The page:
Treatment of patients with glioma has been largely unsuccessful, and even if initial treatment shows some effect, the long-term prognosis remains poor because recurrence of the disease is near-certain. A significant challenge in establishing treatments for recurrent gliomas is that the diffuse infiltrative growth and presumed extensive tumor heterogeneity allows tumor cells to ?escape? and even develop resistance to therapy. In order for better treatments to be developed we need to understand both the extent of tumor heterogeneity and how it evolves in response to treatment. Although such a need is easily stated it has been difficult, if not impossible, to achieve with current resources because it requires tracking and characterizing tumor changes within the same patient. Moreover, because of patient to patient variability, and the need for statistical power, these types of investigations also require standardized data from hundreds of patients. With these requirements in mind, and the long-term goal of identifying new, effective treatment targets, we initiated the international Glioma Longitudinal Analysis (GLASS) Consortium. Since 2014, GLASS has established the largest (and still expanding) database of tumor samples sequenced at different time points among any cancer type. Data from these samples (collected at 34 institutions in 12 countries) are now aggregated and integrated with patient and phenotypic data across international sub studies. The GLASS dataset is supported by an infrastructure that standardizes key parameters across studies/sites so that complex, integrated analyses are possible. Preliminary analysis of this unique dataset demonstrated that it will allow us to create a portrait of the recurrence process and discover novel molecular vulnerabilities that can be targeted for successful therapeutic intervention. We are now poised to further exploit the GLASS data to identify critical processes driving glioma evolution. To do this we propose:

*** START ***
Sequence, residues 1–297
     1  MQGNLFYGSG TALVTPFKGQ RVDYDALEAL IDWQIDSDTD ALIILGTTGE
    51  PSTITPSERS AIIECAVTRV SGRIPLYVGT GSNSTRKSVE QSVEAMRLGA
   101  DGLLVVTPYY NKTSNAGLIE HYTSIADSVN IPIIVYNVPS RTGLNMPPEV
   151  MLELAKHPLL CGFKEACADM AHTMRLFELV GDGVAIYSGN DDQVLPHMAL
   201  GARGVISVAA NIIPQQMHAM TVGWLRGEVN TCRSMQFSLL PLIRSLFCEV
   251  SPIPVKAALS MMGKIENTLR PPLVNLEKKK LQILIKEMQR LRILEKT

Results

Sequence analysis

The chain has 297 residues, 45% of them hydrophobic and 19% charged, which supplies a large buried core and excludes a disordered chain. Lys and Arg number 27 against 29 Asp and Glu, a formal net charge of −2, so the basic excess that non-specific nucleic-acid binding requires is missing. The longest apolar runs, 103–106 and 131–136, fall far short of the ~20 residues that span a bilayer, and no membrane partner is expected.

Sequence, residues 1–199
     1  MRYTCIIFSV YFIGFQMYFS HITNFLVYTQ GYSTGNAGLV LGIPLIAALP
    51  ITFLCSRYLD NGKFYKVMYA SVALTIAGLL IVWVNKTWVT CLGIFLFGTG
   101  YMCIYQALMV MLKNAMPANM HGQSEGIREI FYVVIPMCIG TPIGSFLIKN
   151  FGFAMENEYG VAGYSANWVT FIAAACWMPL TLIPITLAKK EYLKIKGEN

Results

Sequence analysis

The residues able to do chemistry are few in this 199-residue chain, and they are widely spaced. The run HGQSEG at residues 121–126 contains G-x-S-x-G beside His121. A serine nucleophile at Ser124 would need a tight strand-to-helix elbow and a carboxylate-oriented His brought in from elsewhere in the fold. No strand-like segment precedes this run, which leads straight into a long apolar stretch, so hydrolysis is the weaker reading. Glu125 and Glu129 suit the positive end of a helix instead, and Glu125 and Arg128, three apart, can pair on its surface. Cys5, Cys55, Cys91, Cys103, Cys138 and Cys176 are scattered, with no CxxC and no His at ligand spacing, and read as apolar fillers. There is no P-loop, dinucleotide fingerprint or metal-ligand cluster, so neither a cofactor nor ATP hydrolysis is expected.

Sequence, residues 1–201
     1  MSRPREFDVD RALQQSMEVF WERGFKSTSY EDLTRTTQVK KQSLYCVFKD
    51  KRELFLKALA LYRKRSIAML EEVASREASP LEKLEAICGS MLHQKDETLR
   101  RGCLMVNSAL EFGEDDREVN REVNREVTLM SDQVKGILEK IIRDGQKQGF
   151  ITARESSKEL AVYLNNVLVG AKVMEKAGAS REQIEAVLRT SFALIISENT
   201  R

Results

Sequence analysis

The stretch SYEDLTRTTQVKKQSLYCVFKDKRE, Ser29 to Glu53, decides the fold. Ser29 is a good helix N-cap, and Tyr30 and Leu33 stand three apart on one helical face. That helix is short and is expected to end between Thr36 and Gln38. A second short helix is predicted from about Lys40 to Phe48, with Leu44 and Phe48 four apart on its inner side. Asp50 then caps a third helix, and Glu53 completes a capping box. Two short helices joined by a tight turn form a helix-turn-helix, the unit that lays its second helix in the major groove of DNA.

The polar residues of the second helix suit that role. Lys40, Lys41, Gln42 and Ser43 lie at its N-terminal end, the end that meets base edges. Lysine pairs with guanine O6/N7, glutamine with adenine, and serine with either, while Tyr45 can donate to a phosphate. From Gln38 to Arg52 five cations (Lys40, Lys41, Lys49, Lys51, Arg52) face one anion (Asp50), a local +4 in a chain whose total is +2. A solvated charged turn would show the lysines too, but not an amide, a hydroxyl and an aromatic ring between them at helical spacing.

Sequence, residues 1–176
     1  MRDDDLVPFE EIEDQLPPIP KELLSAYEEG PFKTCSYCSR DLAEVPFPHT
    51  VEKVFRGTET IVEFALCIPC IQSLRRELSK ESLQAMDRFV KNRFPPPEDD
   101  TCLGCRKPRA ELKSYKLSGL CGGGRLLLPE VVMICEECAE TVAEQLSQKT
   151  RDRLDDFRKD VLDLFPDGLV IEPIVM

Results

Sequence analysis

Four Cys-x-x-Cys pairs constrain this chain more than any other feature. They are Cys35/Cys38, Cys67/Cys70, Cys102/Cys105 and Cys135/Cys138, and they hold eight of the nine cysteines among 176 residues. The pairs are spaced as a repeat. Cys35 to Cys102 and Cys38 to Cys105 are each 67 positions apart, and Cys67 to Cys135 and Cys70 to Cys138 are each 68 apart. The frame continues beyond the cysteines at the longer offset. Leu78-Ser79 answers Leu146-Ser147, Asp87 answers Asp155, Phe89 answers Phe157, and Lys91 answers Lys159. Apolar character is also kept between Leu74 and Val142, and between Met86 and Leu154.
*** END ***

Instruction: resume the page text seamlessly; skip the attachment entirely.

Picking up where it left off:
Aim1 - To test the hypothesis that clonal diversity (tumor heterogeneity) is significantly impacted by treatment, and Aim 2 - To test the hypothesis that immunoediting results in the selection of glioma cells that are capable of evading the immune response. Upon completion of these aims, we will have gained new insights into how treatment and the immune system drive the clonal (tumor cell) selection that leads to glioma tumor heterogeneity. In the process, we will also establish and share the tools/approaches needed for valid analyses of this type of multi-dimensional, multi-time point data. Taken together, the results of these efforts should identify novel avenues for treatment with better, more reliable outcomes.
Glioma is a devastating form of cancer for which treatment outcomes have remained nearly static for three decades. One major reason for this lack of progress is that gliomas display significant intra-tumoral heterogeneity which, even after an initially positive treatment response, allows some cells to evolve, develop a resistance to treatment, and cause the tumor to regrow. In this project we will elucidate these critical yet poorly understood processes by detailed multidimensional analysis of the genomic evolution of gliomas sampled from a large cohort of patients that had tissue collected from their primary tumors as well as one or more recurrent tumors.